Although buzzwords such as "investment factors", "factor funds", "smart/strategic beta" have recently gained popularity, Factor investing was pioneered back in the 1960s.
This era gave birth to many modern finance theories including the seminal Capital Asset Pricing Model (CAPM) which was developed by Jack Treynor, William Sharpe, John Lintner and Jan Mossin (Perold, 2004). CAPM's central thesis is that the return generated by a security is a function of its volatility compared to the market as a whole, describing this parameter as “Beta”. From an evolutionary point of view, this was the first time that a mathematical explanation of a security's return was attempted and CAPM was, for all practical purposes, the first single-factor investment model.
However, CAPM only captures the security’s exposure to systematic risk i.e. the component that is inherent in the market or the overall economy. Security returns also depend on various firm-specific/idiosyncratic surprises viz. CEO changes, product launches, and better-than-forecasted earnings announcements etc. that are neglected by CAPM. In addition, CAPM’s assumption of frictionless markets with no taxes, no transaction costs and no impediments to short selling mean that, CAPM assumes that normally securities are priced solely based on their beta. Furthermore, CAPM suggests a linear relationship between a security’s expected return and its beta, a relationship difficult to prove statistically.
Although a seminal development, CAPM has low explanatory power, largely due to its far-fetched assumptions that do not reflect the functioning of markets in the real-world. The relative outperformance by low-beta (low volatility) stocks compared to high-beta stocks is itself a testament of non-linearity, reinforcing CAPM’s failure in the real world. Such anomalies motivated the academic community to devise more sophisticated asset pricing models that take into account multiple factors, thus setting the stage for modern-day factor investing.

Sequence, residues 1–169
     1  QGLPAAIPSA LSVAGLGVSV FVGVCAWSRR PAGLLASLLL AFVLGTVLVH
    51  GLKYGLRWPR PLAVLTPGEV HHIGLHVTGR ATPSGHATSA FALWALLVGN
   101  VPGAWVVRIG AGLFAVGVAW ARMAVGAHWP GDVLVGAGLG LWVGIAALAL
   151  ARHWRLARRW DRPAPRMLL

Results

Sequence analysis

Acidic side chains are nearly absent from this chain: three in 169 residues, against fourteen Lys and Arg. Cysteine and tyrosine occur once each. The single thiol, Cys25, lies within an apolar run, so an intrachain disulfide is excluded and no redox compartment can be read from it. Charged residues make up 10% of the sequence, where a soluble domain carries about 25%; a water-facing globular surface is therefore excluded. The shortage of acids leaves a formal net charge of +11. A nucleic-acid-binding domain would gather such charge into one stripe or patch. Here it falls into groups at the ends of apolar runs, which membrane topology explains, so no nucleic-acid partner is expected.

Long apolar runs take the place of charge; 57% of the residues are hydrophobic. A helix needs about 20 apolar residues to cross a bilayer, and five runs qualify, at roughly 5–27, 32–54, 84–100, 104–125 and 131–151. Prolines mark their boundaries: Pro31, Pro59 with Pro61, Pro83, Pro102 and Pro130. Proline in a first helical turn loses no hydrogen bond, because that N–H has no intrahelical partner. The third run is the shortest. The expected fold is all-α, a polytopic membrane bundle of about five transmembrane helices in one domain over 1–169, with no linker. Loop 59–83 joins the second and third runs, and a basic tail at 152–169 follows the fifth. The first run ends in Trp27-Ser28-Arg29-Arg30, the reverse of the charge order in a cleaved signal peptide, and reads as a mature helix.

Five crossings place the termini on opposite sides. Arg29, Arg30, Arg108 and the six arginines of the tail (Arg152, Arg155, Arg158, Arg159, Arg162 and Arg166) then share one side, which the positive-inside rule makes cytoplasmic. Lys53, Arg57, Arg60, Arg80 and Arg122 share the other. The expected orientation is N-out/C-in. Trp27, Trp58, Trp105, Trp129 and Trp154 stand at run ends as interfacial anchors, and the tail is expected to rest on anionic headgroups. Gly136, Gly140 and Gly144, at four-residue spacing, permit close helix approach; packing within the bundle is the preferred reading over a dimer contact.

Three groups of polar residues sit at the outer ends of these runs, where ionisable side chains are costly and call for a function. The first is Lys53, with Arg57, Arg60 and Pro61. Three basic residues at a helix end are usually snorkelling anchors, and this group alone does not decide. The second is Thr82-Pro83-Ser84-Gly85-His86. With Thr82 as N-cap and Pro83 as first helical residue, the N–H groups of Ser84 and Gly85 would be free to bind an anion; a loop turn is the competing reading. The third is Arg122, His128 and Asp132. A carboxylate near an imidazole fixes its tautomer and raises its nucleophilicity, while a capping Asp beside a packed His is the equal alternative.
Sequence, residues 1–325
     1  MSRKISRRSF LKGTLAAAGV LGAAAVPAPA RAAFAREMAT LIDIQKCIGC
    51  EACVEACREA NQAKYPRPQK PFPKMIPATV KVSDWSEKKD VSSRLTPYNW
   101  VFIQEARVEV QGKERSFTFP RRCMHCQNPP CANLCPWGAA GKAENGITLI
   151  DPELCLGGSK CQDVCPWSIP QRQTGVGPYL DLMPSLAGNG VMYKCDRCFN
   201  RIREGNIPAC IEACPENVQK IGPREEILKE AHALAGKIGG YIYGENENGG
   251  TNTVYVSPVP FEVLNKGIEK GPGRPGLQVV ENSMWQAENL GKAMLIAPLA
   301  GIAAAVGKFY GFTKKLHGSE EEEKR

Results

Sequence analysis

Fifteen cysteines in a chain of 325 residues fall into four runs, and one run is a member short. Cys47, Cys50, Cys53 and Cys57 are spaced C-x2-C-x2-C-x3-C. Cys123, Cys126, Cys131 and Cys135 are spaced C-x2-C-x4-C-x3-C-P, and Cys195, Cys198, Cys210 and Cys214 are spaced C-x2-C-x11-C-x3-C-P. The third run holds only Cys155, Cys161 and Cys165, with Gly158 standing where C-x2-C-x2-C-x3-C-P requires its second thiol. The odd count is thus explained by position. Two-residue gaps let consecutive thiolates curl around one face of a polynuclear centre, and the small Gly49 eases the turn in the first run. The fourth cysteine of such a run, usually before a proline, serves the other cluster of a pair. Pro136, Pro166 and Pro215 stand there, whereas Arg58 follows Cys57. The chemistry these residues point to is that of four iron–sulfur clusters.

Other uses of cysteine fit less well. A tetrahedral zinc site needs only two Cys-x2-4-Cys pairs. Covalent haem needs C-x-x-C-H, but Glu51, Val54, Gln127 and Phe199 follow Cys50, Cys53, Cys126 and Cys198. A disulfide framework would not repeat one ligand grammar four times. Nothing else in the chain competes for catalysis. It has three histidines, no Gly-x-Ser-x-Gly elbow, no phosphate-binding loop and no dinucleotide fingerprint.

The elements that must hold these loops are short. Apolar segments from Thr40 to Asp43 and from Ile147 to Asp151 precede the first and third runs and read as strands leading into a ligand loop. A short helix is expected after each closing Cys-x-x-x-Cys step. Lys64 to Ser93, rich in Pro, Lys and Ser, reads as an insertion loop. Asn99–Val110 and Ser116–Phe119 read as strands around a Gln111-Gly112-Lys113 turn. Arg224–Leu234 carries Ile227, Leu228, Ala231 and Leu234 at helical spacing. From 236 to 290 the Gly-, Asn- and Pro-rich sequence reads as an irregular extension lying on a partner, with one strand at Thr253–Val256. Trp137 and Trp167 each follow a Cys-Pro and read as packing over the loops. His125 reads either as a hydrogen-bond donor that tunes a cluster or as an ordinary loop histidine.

One of the most notable efforts in this domain is the work of Nobel Laureate Eugene Fama and Kenneth French in 1992. Fama and French created the Fama-French 3-Factor Model (FF3F) that explains security returns using three risk-factors; beta, size and value (Fama & French, 1992). Considered the cornerstone of factor investing, the FF3F plays a pivotal role as it successfully includes the impact of firm-specific characteristics proving mathematically that Size (relative outperformance by smaller firms) and Value (relative outperformance by undervalued firms) play a dominant role in explaining security returns across markets, geographies, sectors, and time. Due to its significantly higher explanatory power, the FF3F is regarded as the first truly multi-factor investment model and paved the way for future developments.
The success of the FF3F enticed academics to develop even more sophisticated asset pricing models which take into account several other factors. One such multi-factor model is the Carhart 4-Factor Model that adds a momentum factor to FF3F, proposing that a security’s returns are also influenced by the tendency of securities that have experienced a recent trend to continue to move in the direction of the trend in the near future (Carhart, 1997). Similarly, the Pastor-Stambaugh Model (Pastor & Stambaugh, 2003, #) adds a liquidity factor to the FF3F, stating that security returns are also impacted by a liquidity premium.
Thanks to the advancements in asset pricing theories and factor investing, we have various multi-factor models that seek to explain security risks and returns using a variety of investment factors. These models can largely be classified as macroeconomic, fundamental, or statistical models. Macroeconomic models explain actual returns using expected returns (calculated using asset pricing models such as CAPM) along with macroeconomic surprises (actual vs expected GDP growth, actual vs expected inflation etc.), fundamental models explain expected returns using a security’s fundamentals (earnings, growth, intrinsic value etc.), while statistical models explain a security’s returns using return statistics such as variance or covariance.
The Evolution of Factor Investing
Source: Fidelity Investments (Overview of Factor Investing | Investment Portfolio Building & Strategies | Fidelity)
NOTE: The proportions of the different factors (company-specific as well as systematic) displayed in the pie charts above are purely for illustrative purposes and these proportions do not accurately reflect the extent to which they impact security returns.